The purpose of this study was to explore low-income parents' perceptions of oral health and of mid-level dental providers as a means of improving access to care. As states increasingly consider adding mid-level providers to the dental workforce, understanding the views of potential patients toward such providers is important, since the success of this strategy will depend, in part, upon the willingness of potential patients to be treated by them.


Because little is known about the social acceptability of mid-level dental providers, the researchers employed a qualitative methodology, conducting in-depth interviews with 20 low-income parents in order to assess their perceptions of oral health, access to and need for dental care, and potential acceptance of mid-level dental providers. Interview transcripts were analyzed by a team of researchers using interpretive research methods.


Respondents' descriptions of experiences with oral health and dental care demonstrate their strong desire to maintain their families' oral health, as well as their perception that they face significant barriers to receiving needed care. The vast majority of respondents expressed positive inclinations toward the introduction of mid-level dental providers, particularly once they understood that such providers would be fully trained professionals. Though in reality the cost to a patient would likely not vary, many respondents expressed increased interest in treatment by mid-level providers if it were less expensive than treatment by dentists, indicating the significant barrier that cost posed for many in the sample.


The low-income parents in this sample would likely seek care from mid-level dental providers if such providers were introduced in the U.S. The success of mid-level providers in meeting the needs of this population would potentially be even greater if public education clearly explained their training and professionalism.

Wednesday, April 27, 2016

Sirona’s YouTube Channel Reaches Record-Breaking 1 Million Views

Dentsply Sirona, the world’s largest manufacturer and distributer of dental equipment, technology and consumables attains, record-breaking views on one of the most important social media platforms

Charlotte, N.C. (April 22, 2016)- Dentsply Sirona, The Dental Solutions Company, recently announced that the Sirona YouTube channel has received more than 1 million views since its launch four years ago.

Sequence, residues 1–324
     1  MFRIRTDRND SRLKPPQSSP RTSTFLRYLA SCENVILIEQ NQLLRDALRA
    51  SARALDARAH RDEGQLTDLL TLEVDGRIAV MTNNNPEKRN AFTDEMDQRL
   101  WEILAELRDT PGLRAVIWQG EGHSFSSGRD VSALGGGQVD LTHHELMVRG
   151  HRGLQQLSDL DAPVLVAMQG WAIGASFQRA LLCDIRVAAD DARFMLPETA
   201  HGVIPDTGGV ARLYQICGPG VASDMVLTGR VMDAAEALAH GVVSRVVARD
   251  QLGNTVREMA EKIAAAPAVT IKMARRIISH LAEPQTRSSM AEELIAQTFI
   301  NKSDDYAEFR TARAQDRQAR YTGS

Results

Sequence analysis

Created in April 2012, Sirona’s YouTube channel is yet another means of communication with the dedicated, online consumer base. The site maintains various informative and captivating videos, including product demos, event recaps, panel discussions, clinician interviews, and patient and product testimonials.
According to Andreas Blauig, Dentsply Sirona’s corporate social media manager, the video content is well received from viewers because of the educational content that is delivered in a vivid and dynamic package.
“The videos explain complex technological workflows in a simple and intuitive way, provide background information and show emotion- our subscribers enjoy this,” Blauig said.
With thousands of subscribers to the global page, as well as different branch sites such as CEREC by Sirona’s YouTube page, the company continuously strives for advancement and innovation in all social media outlets.
A new format was recently introduced to the YouTube page for increased viewer satisfaction: super slow motion videos.  These slow motion videos capture product presentations in a way that allows viewers and product users to closely observe and follow each step during the videos, which contain impressive detail of the products showcased.
The continuous production of video footage added to the YouTube page provides meaningful and invaluable information to viewers via a platform that is compelling and easily comprehended. 
“Achieving such a milestone is truly gratifying for Dentsply Sirona as a global team,” said Ingo Zimmer, director of clinical CAD/CAM. “Our organization works diligently to provide superlative content to our viewers and it’s incredible to see the level of viewer appreciation through this accomplishment.”
As an expression of gratitude to subscribers, the company created a best-of video that can be viewed here.
To view the latest videos, visit and